On Sunday night, Donald Trump was up late watching MSNBC waiting to hear his name. We know this because after 11 PM Eastern time, Trump posted a series of angry tweets over a town hall hosted by Lester Holt on criminal justice reform, featuring John Legend. Trump excoriated the host for not giving him credit for the First Step Act, legislation designed to shorten the mandatory sentences for some drug offenses that passed with bipartisan support. "I SIGNED IT INTO LAW, no one else did," he tweeted, adding, "Guys like boring musician @johnlegend, and his filthy mouthed wife, are talking now about how great it is—but I didn’t see them around when we needed help getting it passed. “Anchor” @LesterHoltNBC doesn’t even bring up the subject of President Trump or the Republicans."
Chrissy Teigen, the "filthy mouthed wife" in question, responded, "lol what a pussy ass bitch. tagged everyone but me. an honor, mister president."
In a follow up tweet, she added, "the absolute best part of his tweet is I literally didn't speak in the special, nor was I mentioned. I'm cackling at the pointless addition of me because he cannot not be a bitch."
Trump often gets indignant over women using profanity, like he did when Michigan representative Rashida Tlaib told supporters at a gathering, "We're going to impeach this motherfucker." The same day Tlaib's comments went public, Trump said, "I think she dishonored her family using language like that in front of her son and whoever else was there, I thought that was a great dishonor to her and to her family."
But, of course, the president, whose hypocrisy is seemingly boundless, uses profanity often, and with great relish. As Peter Baker wrote in a May New York Times story on Trump's frequent use of foul language, "At rallies and in interviews, on Twitter and in formal speeches, he relishes the bad-boy language of a shock jock, just one more way of gleefully provoking the political establishment bothered by his norm-shattering ways." And he's very liberal with his insults when talking about women, like when he claimed California representative Maxine Waters was an "extraordinarily low I.Q. person," said that Stormy Daniels, the adult film star with whom Trump cheated on his most recent wife, "horseface," called his former staffer Omarosa Manigault-Newman a "crazed, crying lowlife" and a "dog," and alleged that New York senator Kristen Gillibrand "would come to my office 'begging' for campaign contributions not so long ago (and would do anything for them)." He also falsely claimed that "low I.Q. Crazy" MSNBC host Mika Brzezinski spoke to him while she "was bleeding badly from a face-lift."
And that's just since he's taken office. He wasn't any more restrained before his presidency, telling a contestant on The Apprentice in 2013, "That must be a pretty picture, you dropping to your knees," and, of course, claiming that since he was famous women would let him "grab them by the pussy." During the 2016 Republican primaries, he said of the lone woman candidate Carly Fiorna, "Look at that face. Would anybody vote for that? Can you imagine that, the face of our next president?" When he felt that then-Fox News host Megyn Kelly had been unfair to him when she moderated a debate, he said "there was blood coming out of her eyes, blood coming out of her wherever." During one campaign rally, he criticized Hillary Clinton's performance during a Democratic debate, saying "she got schlonged" and remarked about her taking a bathroom break, saying, "I know where she went, it's disgusting, I don't want to talk about it." He added, "No, it's too disgusting. Don't say it, it's disgusting."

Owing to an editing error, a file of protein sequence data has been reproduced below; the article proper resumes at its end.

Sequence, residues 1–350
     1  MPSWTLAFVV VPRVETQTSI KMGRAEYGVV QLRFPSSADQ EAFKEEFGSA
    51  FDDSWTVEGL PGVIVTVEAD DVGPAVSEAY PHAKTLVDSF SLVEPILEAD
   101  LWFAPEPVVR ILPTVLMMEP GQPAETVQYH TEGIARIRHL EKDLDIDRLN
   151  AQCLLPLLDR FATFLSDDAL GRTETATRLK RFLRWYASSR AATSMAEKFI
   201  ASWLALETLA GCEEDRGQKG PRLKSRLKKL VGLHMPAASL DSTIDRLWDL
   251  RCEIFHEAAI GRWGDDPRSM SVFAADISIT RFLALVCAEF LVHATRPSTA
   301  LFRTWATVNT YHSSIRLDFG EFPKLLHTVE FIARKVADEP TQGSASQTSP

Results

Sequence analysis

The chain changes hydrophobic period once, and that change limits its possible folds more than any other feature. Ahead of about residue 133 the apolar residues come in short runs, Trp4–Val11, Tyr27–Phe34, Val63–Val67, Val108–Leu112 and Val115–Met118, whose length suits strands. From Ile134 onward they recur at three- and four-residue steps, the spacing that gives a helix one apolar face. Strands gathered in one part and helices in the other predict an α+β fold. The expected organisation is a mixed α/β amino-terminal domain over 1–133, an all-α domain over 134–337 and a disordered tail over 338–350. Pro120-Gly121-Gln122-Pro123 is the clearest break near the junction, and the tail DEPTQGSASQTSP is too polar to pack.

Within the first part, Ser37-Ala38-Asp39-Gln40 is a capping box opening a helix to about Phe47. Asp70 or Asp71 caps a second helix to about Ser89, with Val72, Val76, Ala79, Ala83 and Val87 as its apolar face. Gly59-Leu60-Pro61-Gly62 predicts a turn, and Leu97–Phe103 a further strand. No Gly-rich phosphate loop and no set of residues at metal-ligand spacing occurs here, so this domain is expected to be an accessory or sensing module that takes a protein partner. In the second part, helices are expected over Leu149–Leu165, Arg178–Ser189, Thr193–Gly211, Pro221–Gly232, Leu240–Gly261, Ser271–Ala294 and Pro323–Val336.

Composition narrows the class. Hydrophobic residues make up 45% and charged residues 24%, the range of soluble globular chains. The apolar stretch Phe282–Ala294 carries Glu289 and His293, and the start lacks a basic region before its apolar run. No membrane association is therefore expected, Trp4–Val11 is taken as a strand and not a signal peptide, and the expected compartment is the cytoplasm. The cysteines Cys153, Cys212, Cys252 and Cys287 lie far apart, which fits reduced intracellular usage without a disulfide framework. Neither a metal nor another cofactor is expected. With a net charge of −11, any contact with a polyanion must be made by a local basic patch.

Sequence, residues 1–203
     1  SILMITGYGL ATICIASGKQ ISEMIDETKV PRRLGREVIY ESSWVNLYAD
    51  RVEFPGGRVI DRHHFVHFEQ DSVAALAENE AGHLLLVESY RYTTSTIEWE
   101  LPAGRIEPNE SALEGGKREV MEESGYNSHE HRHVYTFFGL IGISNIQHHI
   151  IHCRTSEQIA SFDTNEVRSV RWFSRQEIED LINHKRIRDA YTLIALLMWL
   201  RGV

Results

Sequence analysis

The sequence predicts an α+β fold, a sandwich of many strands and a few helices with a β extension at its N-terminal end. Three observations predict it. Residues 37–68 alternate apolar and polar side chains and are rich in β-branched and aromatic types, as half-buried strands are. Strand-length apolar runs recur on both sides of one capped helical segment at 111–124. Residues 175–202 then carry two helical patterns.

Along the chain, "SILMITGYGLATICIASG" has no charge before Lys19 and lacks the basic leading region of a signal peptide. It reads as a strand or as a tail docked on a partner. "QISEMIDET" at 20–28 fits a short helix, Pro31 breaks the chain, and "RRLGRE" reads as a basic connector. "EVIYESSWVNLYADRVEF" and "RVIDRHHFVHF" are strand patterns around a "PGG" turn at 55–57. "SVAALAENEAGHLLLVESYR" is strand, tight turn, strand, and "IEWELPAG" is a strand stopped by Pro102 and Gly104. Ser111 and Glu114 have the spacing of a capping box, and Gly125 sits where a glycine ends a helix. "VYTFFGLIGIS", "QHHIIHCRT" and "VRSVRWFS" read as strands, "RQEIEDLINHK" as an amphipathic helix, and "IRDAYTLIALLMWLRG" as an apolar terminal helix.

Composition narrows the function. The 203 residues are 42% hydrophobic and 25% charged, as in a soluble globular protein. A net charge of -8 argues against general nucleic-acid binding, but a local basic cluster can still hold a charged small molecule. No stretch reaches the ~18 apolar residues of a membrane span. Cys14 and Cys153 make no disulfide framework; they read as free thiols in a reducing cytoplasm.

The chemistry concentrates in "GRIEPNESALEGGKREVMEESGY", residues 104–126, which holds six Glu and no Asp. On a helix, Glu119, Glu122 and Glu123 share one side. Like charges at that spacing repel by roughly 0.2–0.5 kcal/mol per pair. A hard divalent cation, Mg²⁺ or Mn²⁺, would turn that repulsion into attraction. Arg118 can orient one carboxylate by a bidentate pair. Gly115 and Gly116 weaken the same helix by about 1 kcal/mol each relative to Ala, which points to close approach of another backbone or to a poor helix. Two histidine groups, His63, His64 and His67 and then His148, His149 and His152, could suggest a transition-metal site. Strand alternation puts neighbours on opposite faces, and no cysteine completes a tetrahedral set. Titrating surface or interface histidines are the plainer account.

Despite the president's claims, host Lester Holt actually did credit Trump for the First Step Act in the Dateline episode that preceded the town hall, and the show even aired footage of Trump signing it in the Oval Office. As Holt pointed out though, "That doesn’t affect more than 90 percent of the U.S. prison population, which is locked up in state and local facilities." And Trump is relatively new to the fight for criminal justice reform: he paid for a full-page ad in the New York Times demanding the death penalty for the "Central Park Five," a group of black and Latino teenagers wrongly convicted of raping a white woman in 1989. Even after all five were exonerated on DNA evidence and the confession of the actual rapist, Trump still insisted they were guilty, and wrote in a New York Daily News op-ed that it was a "disgrace" when the city of New York paid the men $41 million in a settlement.
While the First Step Act is a welcome reform for criminal justice activists, Trump's signing followed the lead and example of state-level reforms hard-fought gains by those activists across the country. On top of that, since signing the First Step Act into law, Trump's White House has made neither funding nor enacting the law a priority. As the Brennan Center for Law reported in March, "the law can only function as advertised if it is fully funded—a prospect that seems unlikely after President Trump’s executive budget, released in full this past Monday, omitted any funding request for implementing the law." The budget also called, again, to eliminate the Justice Reinvestment Initiative, a program to help states reduce recidivism and direct resources to more effective and cost-efficient methods than long-term incarceration.
When a 26-year-old American missionary set out for a lush island in the Indian Ocean last year, it was with one objective in mind: to convert the uncontacted Sentinelese tribe, who had lived for centuries in isolation, free from modern technology, disease, and religion. John Chau's mission had ambitions for a great awakening, but what awaited instead was tragedy.
Originally Appeared on GQ